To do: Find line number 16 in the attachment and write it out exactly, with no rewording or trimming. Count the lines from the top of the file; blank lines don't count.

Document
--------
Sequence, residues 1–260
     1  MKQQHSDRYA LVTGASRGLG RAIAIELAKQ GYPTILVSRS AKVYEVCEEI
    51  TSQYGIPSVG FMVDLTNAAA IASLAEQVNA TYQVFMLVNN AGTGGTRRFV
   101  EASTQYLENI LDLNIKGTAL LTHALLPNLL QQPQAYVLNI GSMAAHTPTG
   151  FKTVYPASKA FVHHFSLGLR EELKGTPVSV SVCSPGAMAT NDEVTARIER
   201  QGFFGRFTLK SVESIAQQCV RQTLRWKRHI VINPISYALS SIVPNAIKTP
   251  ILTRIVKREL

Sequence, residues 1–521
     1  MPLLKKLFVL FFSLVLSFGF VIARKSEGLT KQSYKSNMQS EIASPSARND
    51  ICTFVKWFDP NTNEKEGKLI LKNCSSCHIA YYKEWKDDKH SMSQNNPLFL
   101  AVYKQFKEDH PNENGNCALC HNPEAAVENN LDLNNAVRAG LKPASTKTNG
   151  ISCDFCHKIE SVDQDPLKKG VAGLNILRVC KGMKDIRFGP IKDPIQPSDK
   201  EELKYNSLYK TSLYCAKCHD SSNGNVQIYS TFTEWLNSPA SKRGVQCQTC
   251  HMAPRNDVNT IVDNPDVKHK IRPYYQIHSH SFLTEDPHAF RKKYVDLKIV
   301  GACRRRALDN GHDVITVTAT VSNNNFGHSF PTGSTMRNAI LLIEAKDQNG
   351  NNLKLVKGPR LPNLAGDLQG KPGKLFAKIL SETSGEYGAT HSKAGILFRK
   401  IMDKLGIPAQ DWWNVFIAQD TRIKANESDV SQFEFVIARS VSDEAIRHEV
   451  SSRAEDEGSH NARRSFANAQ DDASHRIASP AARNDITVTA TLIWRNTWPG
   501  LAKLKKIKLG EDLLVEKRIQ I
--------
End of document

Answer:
   351  NNLKLVKGPR LPNLAGDLQG KPGKLFAKIL SETSGEYGAT HSKAGILFRK